Here I assume you've read all the licensing documentation, and that you're using the SDK. You said nothing, so I'm going for the "defaults". There are a few clues on the Android developers blog as well as on the Internet.
I asked myself the same question last year. Or at least something similar. So let's go one step at a time:
My question is, is this too often? Is
getting a cache response anymore
draining than checking a variable for
I would say that the difference is going to be "imperceptible" to "not much". First of all, the validity timestamp (
VT field from extras) is stored locally, properly encrypted/obfuscated. I'm assuming you're using the
ServerManagedPolicy policy, since you said nothing about it.
Depending on the kind of the app, we should notice that you may be even writing things on onPause, for example (checking for changes if applicable, of course). So, I wouldn't worry about it.
But because there is no perceptible harm does not mean you should do something. That's why I disagree with what Kerin posted:
I'm sure you'll stop loads of piracy and you aren't wasting your time at all.
More on that later. For now I say that you shouldn't need to do lots of checkings. That's what the policies are for. They handle it probably better than you and me. Anything else is indeed a waste. Personally, I only do checkings on
onCreate (obviously), and also in one more situation rarely used (but very important on the app usefulness).
What you should do, however, and I say because nobody said here yet, is properly obfuscate and change the LVL library, as well as your own code side (the
checkerCallbacks). Here, I changed a lot of things on the LVL library, including some simple single key cryptography (weak), and also changed how the interfaces are implemented, and how arguments are passed, and so on. Basically, I created my own LVL after posting that question here on SO.
On the opposite of what you're doing, I also customized the
VT field in order to mandate a minimum time for the validity of the cached response. That's why my app is to be used in the wild, where net access is not always available. Those subtle details depend on your app, what it does, how it does, where people would be using them.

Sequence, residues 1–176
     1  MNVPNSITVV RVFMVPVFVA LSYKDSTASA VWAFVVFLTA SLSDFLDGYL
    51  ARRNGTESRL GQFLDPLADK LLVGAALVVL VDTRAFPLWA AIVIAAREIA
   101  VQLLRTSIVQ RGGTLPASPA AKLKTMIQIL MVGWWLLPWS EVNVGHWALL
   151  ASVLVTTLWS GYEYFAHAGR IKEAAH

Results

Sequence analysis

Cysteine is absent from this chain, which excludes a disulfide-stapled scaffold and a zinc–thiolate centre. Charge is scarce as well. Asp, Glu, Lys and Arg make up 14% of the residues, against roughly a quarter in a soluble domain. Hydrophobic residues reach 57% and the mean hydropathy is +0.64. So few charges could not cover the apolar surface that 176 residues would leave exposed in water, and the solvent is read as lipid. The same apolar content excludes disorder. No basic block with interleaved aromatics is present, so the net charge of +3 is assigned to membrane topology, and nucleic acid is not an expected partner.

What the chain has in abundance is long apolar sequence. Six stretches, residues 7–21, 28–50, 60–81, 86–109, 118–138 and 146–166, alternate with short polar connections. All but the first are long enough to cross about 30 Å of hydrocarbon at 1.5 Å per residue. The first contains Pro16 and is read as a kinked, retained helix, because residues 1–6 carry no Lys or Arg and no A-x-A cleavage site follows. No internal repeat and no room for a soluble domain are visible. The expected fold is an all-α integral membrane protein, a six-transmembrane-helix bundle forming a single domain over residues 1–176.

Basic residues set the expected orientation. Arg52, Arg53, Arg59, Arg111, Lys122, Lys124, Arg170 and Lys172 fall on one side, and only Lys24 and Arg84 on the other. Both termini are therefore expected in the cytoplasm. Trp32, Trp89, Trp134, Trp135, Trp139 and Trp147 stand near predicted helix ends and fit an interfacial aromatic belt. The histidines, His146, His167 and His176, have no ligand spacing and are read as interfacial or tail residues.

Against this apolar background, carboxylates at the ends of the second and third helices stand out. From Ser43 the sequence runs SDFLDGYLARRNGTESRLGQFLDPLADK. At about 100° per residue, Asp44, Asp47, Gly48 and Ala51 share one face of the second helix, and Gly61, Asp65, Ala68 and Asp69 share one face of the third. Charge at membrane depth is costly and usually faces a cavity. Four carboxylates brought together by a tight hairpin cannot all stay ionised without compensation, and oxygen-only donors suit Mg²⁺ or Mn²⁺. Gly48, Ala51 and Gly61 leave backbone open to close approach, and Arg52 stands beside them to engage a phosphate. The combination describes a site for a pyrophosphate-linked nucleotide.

If you're a developer, it's easy to forget about the user. There is nothing worse than a legitimate user being denied access to an app he bought. So far, I didn't have problems (I check usage statistics and compare to my account), but I believe games have more trouble (it's typical of that field).
So, returning to my constructive (please, we are all trying to learn here, myself included) critic about Kerin's post, I would say that even LVL itself is not enough to "stop loads of piracy".
If you know anything about how Android works, you'd know that the apks can be easily decrypted to source code, just use
jdgui (Google them). In fact, I always decrypt my apps before publishing to check if everything is working the way it should. And take into account that I never did computer college, I just happened to learn java and Android to create my own app that I needed and was unavailable for Android (a tide app for my country). I'm sure there are hackers and techies much smarter out there that can do even more.
People start thinking that LVL will stop piracy, and then learn the ugly truth and be disappointed. That's not what the LVL is for. Just look at the code... it was made to avoid "automated" piracy. It is to force someone to personally look into the code, see how it works, and then "switch" the proper flags, if he can make sense of them. But then again, if you use proguard, it will make the task horrible, exhaustive (believe me, that's why I use dex2jar + jdgui myself).
If your app is being sold for $1 or even around $5 or more, it will make this trouble not worth it. That's my stance on the LVL. Obviously, if you have an niche app that costs $100, for example, you probably can do it properly, server side, with public keys. But I feel that it's not the case here.
Anyway, just my 2 cents.